We have also have problems with those hornets feeding on our humming bird feeders. My solution for that is to kill them one at a time with a torch. I use one of those push button ignition torches. I sneak up and hold the torch near them, a quick press of the button and the briefest blast of flame takes out critical control and flight systems. The torch doesn't need to fully light - a poof is enough and preferred. It sends them to the ground for final torching. Those bald faced hornets are built like tanks - they're extremely tough and hard to squash.

                  I think the torch technique might work well with your wasps, if you can reach them. For yellow jackets at the picnic table, I've done well using vinegar or ammonia in a squirt bottle. It knocks them down and then I smash them with a newspaper.
                  Last edited by Glug; 04-13-2017, 10:07 PM.

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                  • #10
                    buy a 45 colt that worked for me

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                    • #11
                      Very effective trap is made with a clear plastic pop or water bottle
                      Cut off the top 1/3 rd ( The funnel and opening part ) and then INVERT and insert the funnel into the lower part
                      of the bottle. The plastic will yield enough to hold it in place . Insert it to hold it , but do not push it down after it is locked on the sides.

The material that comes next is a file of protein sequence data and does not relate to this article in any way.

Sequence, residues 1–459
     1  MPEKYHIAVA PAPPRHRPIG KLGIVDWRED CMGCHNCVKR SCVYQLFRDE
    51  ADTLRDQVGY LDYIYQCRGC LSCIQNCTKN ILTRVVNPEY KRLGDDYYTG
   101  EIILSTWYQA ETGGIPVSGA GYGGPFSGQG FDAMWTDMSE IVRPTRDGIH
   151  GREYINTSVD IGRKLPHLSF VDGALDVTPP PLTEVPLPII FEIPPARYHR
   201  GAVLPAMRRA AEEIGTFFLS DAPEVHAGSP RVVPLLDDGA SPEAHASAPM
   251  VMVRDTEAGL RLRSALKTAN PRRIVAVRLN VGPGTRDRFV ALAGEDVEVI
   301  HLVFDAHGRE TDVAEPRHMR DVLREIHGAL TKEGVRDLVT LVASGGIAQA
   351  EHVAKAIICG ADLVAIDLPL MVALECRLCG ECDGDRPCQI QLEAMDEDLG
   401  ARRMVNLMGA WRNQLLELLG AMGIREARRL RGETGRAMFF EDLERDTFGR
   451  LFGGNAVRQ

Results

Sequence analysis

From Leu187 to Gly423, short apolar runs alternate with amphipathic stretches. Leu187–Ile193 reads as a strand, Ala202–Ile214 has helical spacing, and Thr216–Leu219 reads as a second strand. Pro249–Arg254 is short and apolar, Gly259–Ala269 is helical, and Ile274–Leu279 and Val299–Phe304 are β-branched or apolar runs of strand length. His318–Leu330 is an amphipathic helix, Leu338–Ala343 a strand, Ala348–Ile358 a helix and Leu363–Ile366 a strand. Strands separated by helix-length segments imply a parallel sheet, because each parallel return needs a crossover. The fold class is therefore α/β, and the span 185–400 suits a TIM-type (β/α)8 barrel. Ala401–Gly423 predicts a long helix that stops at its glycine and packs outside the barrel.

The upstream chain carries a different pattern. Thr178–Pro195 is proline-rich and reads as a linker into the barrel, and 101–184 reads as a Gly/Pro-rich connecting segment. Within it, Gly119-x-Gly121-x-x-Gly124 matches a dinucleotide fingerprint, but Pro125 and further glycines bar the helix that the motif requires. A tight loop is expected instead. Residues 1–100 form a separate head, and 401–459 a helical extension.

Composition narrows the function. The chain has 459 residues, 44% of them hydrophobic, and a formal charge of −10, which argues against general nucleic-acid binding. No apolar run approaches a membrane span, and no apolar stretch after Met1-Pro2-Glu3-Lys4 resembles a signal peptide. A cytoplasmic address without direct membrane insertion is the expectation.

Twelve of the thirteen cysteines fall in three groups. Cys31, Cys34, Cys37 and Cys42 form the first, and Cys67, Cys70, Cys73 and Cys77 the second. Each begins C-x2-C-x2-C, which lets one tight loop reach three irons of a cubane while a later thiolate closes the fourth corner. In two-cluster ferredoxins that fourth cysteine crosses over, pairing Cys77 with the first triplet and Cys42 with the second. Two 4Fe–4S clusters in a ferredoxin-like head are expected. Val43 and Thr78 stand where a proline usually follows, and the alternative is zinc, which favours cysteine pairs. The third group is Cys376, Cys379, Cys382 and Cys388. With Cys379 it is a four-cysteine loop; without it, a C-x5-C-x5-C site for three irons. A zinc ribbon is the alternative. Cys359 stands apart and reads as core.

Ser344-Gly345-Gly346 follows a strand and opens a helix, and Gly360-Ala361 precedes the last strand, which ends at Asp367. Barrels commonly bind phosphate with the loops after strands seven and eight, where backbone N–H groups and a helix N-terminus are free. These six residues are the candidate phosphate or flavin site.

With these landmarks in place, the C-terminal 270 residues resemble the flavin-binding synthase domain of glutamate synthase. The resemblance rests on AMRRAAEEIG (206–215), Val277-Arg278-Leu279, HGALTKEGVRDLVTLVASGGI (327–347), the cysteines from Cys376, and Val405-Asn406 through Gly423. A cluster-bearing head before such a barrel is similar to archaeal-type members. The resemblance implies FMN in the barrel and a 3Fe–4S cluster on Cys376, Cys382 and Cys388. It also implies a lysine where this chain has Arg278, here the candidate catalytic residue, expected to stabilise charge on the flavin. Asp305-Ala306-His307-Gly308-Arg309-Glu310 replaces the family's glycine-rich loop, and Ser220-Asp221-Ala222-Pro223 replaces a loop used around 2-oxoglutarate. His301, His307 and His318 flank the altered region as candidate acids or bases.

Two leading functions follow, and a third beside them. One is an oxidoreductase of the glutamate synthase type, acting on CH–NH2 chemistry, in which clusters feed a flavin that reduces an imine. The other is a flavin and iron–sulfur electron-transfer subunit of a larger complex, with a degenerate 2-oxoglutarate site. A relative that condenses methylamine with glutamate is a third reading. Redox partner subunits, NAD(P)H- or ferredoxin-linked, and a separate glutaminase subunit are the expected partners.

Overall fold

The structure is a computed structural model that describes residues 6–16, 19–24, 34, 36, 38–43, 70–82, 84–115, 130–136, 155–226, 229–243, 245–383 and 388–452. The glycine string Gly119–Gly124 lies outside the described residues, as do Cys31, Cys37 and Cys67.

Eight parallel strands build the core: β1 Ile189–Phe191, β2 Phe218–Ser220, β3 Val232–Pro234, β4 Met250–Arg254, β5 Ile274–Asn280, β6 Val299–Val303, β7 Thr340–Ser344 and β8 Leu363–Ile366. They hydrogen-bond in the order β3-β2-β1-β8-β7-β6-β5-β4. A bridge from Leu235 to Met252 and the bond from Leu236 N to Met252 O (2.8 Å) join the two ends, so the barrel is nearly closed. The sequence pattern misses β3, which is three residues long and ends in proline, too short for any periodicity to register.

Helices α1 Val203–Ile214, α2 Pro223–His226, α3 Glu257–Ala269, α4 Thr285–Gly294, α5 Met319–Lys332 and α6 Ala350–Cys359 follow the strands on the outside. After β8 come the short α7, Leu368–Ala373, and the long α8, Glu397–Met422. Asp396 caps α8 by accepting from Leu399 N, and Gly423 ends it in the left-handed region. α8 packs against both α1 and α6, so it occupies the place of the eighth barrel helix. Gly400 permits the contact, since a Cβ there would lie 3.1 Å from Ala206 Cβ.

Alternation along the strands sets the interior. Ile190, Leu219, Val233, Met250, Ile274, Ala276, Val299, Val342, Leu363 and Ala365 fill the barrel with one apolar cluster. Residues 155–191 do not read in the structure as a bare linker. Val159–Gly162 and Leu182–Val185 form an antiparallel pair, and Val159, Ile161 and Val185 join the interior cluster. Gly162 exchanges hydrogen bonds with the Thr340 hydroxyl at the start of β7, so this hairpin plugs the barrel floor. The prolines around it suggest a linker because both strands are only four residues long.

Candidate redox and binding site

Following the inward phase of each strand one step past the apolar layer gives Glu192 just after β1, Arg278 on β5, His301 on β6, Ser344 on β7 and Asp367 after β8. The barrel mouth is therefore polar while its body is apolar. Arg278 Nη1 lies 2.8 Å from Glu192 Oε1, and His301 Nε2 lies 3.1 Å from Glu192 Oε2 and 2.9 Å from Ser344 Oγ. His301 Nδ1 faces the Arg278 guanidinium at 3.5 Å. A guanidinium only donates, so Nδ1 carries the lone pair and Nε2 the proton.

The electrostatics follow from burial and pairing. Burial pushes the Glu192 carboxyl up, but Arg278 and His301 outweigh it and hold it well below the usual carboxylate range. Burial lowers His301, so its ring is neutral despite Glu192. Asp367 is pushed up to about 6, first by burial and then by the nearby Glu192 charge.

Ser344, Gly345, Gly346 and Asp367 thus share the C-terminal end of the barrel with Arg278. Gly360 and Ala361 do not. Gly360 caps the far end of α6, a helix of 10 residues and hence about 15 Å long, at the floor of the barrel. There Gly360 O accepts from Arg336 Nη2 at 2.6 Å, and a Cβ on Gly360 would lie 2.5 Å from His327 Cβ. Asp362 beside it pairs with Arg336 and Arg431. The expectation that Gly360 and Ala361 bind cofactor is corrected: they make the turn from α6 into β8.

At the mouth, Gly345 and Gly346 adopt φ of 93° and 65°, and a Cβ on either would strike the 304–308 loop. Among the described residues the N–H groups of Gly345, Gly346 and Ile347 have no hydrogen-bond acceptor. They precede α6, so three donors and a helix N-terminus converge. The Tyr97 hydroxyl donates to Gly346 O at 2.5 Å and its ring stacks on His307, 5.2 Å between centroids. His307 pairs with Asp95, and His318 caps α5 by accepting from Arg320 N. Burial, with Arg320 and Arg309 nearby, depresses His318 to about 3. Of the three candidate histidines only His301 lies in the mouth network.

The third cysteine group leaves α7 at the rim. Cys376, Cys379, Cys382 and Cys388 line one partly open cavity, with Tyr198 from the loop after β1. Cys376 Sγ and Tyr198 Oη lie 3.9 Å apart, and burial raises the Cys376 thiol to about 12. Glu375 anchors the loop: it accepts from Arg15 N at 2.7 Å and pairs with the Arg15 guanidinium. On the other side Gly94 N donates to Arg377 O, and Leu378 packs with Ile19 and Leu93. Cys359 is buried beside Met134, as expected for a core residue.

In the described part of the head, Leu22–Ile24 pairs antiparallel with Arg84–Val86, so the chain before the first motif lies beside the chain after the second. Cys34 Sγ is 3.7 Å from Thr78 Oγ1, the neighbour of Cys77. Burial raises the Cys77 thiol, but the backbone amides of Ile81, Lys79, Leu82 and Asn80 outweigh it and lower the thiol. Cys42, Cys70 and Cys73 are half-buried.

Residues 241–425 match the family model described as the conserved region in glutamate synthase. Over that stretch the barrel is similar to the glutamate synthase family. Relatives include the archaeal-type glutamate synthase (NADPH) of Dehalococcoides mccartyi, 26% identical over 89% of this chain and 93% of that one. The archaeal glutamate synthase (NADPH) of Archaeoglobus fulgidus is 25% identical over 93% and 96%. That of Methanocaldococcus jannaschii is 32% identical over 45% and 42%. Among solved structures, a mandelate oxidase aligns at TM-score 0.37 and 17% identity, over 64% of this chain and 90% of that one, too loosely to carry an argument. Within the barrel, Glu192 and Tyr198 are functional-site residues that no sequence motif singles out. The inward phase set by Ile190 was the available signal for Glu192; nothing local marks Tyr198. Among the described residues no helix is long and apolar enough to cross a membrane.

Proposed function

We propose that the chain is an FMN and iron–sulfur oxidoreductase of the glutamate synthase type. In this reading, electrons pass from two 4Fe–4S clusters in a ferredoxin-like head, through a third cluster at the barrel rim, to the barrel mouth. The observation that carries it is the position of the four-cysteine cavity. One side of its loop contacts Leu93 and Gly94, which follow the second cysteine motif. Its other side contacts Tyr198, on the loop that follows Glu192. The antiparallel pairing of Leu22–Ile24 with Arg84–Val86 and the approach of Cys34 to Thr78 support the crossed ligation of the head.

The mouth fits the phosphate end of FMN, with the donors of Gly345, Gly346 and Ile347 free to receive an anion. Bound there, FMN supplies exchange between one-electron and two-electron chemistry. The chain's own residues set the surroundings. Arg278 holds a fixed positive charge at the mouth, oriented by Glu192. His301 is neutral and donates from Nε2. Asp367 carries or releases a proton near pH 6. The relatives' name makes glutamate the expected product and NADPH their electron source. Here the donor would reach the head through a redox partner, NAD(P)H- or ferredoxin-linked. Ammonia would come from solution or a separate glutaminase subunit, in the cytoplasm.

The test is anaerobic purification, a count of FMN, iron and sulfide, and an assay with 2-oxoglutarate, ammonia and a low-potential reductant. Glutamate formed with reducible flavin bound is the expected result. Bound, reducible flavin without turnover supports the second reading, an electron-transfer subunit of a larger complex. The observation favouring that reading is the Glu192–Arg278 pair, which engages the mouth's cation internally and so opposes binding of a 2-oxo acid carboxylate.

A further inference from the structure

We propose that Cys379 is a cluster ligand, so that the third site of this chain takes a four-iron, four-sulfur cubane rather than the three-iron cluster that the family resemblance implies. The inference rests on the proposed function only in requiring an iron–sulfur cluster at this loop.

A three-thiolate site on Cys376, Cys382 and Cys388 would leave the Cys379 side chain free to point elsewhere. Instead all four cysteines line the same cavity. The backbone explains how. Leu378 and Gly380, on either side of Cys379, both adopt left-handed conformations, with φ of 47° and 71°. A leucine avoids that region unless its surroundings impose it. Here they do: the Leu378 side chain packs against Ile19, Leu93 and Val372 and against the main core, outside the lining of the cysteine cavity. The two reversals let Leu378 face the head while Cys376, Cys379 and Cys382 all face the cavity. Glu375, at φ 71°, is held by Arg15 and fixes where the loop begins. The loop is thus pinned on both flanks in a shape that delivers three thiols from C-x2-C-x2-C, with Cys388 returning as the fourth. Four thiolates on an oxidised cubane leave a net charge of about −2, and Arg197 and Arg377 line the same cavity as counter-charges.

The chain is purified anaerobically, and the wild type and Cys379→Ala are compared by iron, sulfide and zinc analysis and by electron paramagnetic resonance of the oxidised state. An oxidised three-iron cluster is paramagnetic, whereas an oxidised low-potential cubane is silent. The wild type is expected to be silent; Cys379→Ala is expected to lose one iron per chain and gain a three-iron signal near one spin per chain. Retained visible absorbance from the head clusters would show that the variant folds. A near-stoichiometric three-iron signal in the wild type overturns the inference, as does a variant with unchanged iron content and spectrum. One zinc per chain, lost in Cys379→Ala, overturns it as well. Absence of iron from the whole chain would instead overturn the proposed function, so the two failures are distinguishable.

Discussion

The opening that was for the cap should now be 2 inches approximately from the bottom. Put some sweet syrup
                      or fruit juice in the bottle.
                      The wasps are attracted to the smell and go down the funnel into the chamber. They drink the juice, but cannot fly out as they walk around the bottle walls, When we have a picnic, we get 5 to 20 wasps in the bottles. When you want to toss the bottle, just push the funnel down to the bottom, which seals the chamber , or put it in a seal plastic bag.
                      The local population will diminish dramatically !

                      Rich

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                      • #12
                        The inflated paper bag may work or you can buy an imitation wasp nest and hang it up. We tried that and they stayed away. Last year I found a large wasps nest in a small tree in the garden.
                        I got some of that Raid foam wasp killer, waited until after dark then first sprayed a little on the entrance hole. Then you stick the plastic tube up the hole and unload it inside. I checked the next day and there was nothing going on there.